The Best Treatment for Spider Veins

Experts agree that Microsclerotherapy is the best treatment for thread veins and spider veins on the legs. In this video, Catharine McGuinness, a vascular specialist at the VeinCare Centre demonstrates the treatment.

Microsclerotherapy is a medical treatment that involves injecting a prescription medicine called a sclerosant directly into the spider veins. Don’t worry, it’s not painful: an ultra-fine needle is used, only slightly bigger than a human hair, which you can barely feel. The technique requires good illumination and magnification.

 

The sclerosant works by removing the lining of the vein almost instantly (this is also not … Continue reading »

Phlebitis: 7 Things Your Doctor Should Know

Phlebitis is a term that is used by doctors and the public and there are many important facts that you and your doctor should know. Here are 7 important facts that even many doctors get wrong.

  1. Phlebitis is not caused by an infection and antibiotics are not necessary. Recently reviews in the medical literature suggest that antibiotic are frequently prescribed for phlebitis. Not only is this ineffective, but costs our healthcare system and may complications such as diarrhoea and my contribute to antibiotic resistance.
  2. Phlebitis most commonly affects the leg veins and it causes swelling, tenderness and redness along the … Continue reading »

Do Veins Get Worse?

Varicose veins deteriorate and get worse if they are ignored and neglected. Treatment at an early stage can prevent complications such as leg ulcers and deep vein thrombosis – DVT.

A question I get asked a lot is “if I have nothing done now, will my veins get worse?” It’s a good question and here’s what the evidence suggests.

Although varicose veins and leg vein problems are one of the commonest diseases that doctors see, there is surprisingly little information about the progression of vein problems from mild to severe and then on to serious complications. However all the evidence suggests that … Continue reading »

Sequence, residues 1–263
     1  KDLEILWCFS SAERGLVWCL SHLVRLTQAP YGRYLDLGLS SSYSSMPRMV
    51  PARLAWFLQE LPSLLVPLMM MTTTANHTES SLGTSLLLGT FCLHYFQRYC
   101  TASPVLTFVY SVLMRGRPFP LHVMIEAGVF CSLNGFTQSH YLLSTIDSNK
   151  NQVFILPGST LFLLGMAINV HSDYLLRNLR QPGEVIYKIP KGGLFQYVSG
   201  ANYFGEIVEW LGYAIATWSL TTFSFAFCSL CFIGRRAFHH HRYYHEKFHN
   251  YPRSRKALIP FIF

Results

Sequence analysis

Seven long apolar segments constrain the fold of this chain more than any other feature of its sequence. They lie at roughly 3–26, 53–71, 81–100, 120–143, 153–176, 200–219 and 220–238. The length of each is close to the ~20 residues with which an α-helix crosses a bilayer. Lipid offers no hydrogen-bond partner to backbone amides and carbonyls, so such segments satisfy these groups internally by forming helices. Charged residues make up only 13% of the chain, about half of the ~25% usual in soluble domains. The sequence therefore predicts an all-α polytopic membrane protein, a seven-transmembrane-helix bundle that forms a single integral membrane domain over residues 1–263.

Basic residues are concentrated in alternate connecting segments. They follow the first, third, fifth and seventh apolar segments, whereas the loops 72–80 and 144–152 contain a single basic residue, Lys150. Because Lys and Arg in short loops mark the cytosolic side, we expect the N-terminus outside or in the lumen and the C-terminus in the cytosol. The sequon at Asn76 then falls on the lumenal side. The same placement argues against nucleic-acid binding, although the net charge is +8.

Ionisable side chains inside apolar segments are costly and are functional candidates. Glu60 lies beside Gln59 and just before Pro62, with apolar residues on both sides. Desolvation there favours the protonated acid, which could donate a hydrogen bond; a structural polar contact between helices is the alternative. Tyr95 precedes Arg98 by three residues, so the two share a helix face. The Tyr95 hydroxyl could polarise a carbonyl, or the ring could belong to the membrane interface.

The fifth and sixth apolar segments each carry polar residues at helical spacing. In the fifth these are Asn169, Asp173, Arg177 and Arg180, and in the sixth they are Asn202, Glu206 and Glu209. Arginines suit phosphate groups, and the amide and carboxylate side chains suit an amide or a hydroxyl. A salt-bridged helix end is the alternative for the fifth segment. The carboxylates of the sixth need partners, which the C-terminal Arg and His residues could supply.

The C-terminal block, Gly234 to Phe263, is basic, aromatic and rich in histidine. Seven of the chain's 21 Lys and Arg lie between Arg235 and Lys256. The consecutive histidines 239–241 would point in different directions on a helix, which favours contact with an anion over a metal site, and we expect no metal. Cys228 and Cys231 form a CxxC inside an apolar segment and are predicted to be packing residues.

Local Anaesthetic for Varicose Veins – How I do It

Tumescent local anaesthetic administration is an essential intervention to treat varicose veins by endo-venous laser. The anesthetic is applied under ultrasound guidance and varicose veins and refluxing saphenous veins can be removed without admission to hospital, without general anaesthetic and on a walk in, walk out basis.

Varicose Vein Removal under Local

Local Anaesthetic Varicose Vein Removal

In the video that follows,  I show you how I do this step by step. We start with the laser fibre in the correct position and in this live demonstration, I administer tumescent local … Continue reading »

Private Vein Treatment – Will My GP Refer Me?

Traditionally, GPs have been happy to refer their patients for private varicose treatment. This doesn’t seem to be the case now. Why?

Do NHS GPs refer Privately?

Do NHS GPs refer Privately?

I think the main reason is that GPs now no longer refer patients with vein problems to the local NHS hospital. So, they no longer know who is their local expert in looking after vein problems. GPs are very busy and my impression is that they simply do not have time to keep up to date with … Continue reading »